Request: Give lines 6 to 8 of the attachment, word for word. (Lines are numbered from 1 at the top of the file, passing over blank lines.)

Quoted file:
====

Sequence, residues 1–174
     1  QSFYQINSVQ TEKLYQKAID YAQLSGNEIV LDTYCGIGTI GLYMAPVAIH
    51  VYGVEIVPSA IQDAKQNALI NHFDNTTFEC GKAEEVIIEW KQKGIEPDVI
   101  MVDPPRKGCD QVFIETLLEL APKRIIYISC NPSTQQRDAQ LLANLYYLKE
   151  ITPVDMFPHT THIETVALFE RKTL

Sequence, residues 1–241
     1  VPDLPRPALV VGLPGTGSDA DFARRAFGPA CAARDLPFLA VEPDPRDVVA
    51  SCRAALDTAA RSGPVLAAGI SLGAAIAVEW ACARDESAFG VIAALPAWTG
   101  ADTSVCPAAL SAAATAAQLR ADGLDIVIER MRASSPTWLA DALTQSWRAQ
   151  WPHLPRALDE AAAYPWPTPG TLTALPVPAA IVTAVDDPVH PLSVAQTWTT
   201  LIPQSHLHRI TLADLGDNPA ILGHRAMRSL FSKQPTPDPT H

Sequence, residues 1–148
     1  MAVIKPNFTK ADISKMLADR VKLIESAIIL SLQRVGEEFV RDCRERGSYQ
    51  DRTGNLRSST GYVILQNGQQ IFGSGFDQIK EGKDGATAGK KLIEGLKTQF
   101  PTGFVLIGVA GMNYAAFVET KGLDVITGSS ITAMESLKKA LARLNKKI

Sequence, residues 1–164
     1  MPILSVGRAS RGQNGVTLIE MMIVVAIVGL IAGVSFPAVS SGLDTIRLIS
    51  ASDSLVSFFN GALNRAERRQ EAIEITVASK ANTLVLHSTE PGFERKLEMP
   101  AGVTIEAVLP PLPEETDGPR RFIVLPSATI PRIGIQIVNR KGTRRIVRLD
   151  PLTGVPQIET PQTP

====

Sequence, residues 1–241
     1  VPDLPRPALV VGLPGTGSDA DFARRAFGPA CAARDLPFLA VEPDPRDVVA
    51  SCRAALDTAA RSGPVLAAGI SLGAAIAVEW ACARDESAFG VIAALPAWTG